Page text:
AustLit logo
Issue Details: First known date: 2016... 2016 Tolerance and History : Theatre of the Australia–Japan Relationship
The material on this page is available to AustLit subscribers. If you are a subscriber or are from a subscribing organisation, please log in to gain full access. To explore options for subscribing to this unique teaching, research, and publishing resource for Australian culture and storytelling, please contact us or find out more.

AbstractHistoryArchive Description

'Yoji Sakate’s Honchos Meeting in Cowra (Cowra no Hancho Kaigi) (2013–14) and Mayu Kanamori’s Yasukichi Murakami – Through a Distant Lens (2014–15) are two recent Australia–Japan theatre productions that unearth non-mainstream histories of the Japanese in Australia. The author participated in Yasukichi Murakami – Through a Distant Lens as a dramaturgical consultant during the development phase of the project in early 2014. Japanese names are written here in the English way: given name first, followed by family name. Yoji Sakate is the award-winning playwright and director of the Tokyo theatre company Rinkogun. Honchos Meeting in Cowra was written and directed by Sakate in Japan, and it toured to Australia in 2014 to commemorate the 70th anniversary of the escape of Japanese Prisoners of War (POWs) in 1944 from a prison camp in Cowra, a small country town located 320 kilometres west of Sydney. Mayu Kanamori is a Japanese-Australian photographer, performance-maker, and playwright. For the above work, Kanamori looks at the history of the northern Australian towns of Darwin and Broome in the pre-WWII period through the life of Japanese photographer and businessman Yasukichi Murakami. Murakami died at an internment camp in 1944, and his remains were later reinterred in the Japanese War Cemetery in Cowra. Kanamori honours Murakami’s legacy through this play about her search for Murakami’s lost photographs. It toured around Australia during 2014 and 2015. These theatre productions have been discussed in mainstream reviews positively, as conversations between the past and the present in the context of ethnically diverse expression in contemporary ‘multicultural’ Australia. Through a close analysis of the reviews on the works of Sakate and Kanamori, I highlight the difficulty of sharing cross-cultural collective memory in the context of a paradigmatic multiculturalism.' (Introduction)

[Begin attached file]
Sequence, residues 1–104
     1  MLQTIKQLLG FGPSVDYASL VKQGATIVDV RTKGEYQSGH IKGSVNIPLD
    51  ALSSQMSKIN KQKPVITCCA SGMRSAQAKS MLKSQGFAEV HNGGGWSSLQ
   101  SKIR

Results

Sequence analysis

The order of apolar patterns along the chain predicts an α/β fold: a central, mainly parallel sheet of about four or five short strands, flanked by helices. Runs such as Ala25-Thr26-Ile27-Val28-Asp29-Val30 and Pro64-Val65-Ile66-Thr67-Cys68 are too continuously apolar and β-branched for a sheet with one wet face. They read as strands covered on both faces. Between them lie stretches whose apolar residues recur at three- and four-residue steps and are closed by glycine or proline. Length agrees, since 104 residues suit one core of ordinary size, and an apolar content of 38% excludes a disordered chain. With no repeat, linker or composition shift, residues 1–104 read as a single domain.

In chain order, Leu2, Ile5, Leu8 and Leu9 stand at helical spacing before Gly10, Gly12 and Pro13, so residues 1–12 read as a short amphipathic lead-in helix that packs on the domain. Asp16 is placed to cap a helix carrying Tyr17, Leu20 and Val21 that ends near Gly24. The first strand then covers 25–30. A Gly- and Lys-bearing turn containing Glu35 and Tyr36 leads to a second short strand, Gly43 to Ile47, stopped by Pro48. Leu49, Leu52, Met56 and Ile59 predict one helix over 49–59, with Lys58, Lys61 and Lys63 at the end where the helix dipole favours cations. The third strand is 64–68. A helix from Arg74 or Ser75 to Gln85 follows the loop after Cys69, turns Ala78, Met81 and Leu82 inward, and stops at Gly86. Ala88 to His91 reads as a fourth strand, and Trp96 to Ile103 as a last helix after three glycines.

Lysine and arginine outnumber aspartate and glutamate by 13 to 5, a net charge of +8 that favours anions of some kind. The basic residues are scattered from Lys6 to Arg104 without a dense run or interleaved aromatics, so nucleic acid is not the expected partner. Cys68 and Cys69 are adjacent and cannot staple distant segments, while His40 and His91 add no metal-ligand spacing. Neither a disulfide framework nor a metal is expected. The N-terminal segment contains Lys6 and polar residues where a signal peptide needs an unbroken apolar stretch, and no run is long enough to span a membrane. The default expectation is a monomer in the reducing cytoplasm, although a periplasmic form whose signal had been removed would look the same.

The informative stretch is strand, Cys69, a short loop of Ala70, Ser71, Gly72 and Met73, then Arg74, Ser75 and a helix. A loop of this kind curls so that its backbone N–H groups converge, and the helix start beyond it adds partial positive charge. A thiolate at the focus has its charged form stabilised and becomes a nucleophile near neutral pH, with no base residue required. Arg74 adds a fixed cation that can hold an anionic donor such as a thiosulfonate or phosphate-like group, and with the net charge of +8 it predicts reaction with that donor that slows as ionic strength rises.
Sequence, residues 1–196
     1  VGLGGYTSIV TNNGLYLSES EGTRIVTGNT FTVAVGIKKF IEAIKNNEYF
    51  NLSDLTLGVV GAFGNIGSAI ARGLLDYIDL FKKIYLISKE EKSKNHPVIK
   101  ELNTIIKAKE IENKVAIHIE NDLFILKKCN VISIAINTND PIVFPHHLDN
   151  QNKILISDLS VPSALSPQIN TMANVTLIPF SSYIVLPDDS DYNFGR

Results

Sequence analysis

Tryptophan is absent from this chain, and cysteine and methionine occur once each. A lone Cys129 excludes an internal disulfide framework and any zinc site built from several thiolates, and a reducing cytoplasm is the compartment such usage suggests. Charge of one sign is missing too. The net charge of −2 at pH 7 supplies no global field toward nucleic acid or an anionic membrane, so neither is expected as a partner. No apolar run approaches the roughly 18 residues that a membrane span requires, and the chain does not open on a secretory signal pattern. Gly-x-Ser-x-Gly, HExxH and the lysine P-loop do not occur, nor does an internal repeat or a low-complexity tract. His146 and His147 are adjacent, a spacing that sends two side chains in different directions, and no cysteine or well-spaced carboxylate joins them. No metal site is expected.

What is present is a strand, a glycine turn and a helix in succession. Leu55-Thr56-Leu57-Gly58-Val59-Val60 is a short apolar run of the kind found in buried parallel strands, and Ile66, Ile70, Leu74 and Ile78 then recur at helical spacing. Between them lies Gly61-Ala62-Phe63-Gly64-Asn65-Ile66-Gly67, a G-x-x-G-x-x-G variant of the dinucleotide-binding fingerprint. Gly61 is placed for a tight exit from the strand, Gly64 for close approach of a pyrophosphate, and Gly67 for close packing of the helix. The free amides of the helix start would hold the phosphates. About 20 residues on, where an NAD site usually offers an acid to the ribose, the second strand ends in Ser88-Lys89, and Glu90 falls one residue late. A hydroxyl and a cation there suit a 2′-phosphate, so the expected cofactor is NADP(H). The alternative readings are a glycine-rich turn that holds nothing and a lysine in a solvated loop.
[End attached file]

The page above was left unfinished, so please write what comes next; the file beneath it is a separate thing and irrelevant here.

Publication Details of Only Known VersionEarliest 2 Known Versions of

Last amended 8 Sep 2017 10:29:46
444-456 Tolerance and History : Theatre of the Australia–Japan Relationshipsmall AustLit logo Contemporary Theatre Review
    Powered by Trove